of course the real issue i have with the salvation army bell-ringers, is that my dad used to be one. we (my brother and i) were forced to go to salvation army sunday school. it was awful. in their defense, again, this may have been a case of zealous individuals, not the church itself. in spite of their military-like structure (shudder) there is a lot of variation in attitudes from one area to the next. but nonetheless every time i see one of those bell-ringers i want to get my kids away from them as quickly as i can. they give me chills. and they really believe they're "fighting" a "war" against "sin and evil". i think that's what creeps me out more than anything.

    however, as far as the situation with target is concerned, i still see no reason why the salvation army should be the one exemption to their no-charity rule. why is it that they should be allowed to solicit donations in front of the store when others cannot? why should they be the one exception?
  16. Lucifer Sam

    Lucifer Sam Vegetable Man

    My father and I have volunteered as bell-ringers, and I don't think I ever noticed anyone becoming "annoyed" with us. Most people actually responded quite nicely and seemed happy to donate.

    I don't know where you're getting this "terrorize people" business...
  17. gertie

    gertie Senior Member

    there are those that are. i'm not saying that everyone that does it is annoying.... most are not, but there seemed to be a rash of them in this area this year. (some were rather nice and fine)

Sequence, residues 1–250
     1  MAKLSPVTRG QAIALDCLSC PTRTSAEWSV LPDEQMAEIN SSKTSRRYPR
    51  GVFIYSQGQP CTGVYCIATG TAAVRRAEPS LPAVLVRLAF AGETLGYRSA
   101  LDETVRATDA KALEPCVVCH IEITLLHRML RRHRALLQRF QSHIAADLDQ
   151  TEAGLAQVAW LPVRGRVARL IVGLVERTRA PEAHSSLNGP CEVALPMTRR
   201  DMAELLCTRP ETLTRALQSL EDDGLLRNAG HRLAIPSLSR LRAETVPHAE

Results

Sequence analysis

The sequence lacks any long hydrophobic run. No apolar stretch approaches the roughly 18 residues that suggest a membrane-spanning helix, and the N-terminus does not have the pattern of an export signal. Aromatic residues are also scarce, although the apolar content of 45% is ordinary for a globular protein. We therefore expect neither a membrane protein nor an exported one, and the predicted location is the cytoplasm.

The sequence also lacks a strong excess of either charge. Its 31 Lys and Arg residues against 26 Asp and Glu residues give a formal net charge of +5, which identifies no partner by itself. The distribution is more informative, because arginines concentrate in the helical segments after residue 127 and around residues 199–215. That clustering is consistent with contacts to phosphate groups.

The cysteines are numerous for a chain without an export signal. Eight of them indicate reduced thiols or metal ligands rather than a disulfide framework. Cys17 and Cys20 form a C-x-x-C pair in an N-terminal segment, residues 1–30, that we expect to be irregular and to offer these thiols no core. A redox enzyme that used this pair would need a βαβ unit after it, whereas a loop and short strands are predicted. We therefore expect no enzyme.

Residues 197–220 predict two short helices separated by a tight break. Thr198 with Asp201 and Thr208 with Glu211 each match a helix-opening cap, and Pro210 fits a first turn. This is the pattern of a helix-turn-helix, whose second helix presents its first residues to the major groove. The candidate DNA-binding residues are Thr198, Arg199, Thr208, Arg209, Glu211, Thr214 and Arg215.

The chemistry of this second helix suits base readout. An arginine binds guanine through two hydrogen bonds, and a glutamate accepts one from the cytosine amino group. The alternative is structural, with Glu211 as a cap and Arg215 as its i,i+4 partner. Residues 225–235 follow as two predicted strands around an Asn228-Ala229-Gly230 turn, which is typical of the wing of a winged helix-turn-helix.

18. YankNBurn

    YankNBurn Owner

    Who ever said the Salvation Army would discriminate against single parents is a liar plain and simple. I would dare you to back your claims up with anything other than your mind! I have documents dating back to the 40's of how they assisted a single parent family even back then. As for thier stance on sexual preference, I honestly could not answere that. I do know that they are one of the few charity groups that actually funnel the money to the people and not into high dollar pay checks and cars.

    As for Targets stance, they did stop all charities from using Target to collect. They started with the Marines toy drive and now they dont allow any.

    As for the poor little girl who made the rude comment about "the fat slobs thinking of how many big macs they could buy" The bell ringers do not have that in mind at all, it is a long time tradition way before Mc Donalds was ever started.
  19. green_thumb

    green_thumb kill your T.V.

    Hmmm...I'm torn on this. Part of me thinks that religion should be kept out of it as much as possible and people shouldn't be judged based on religious standards, if you're needy, you're needy.

    Then again another part of me says "Beggars can't be choosers"...
  20. Bilby

    Bilby Freerangertarian Staff Member Lifetime Supporter Super Moderator

    Come on the Salvation Army does a great deal of thankless good samaritain work.They would probably the first church to do charity work on a large scale basis.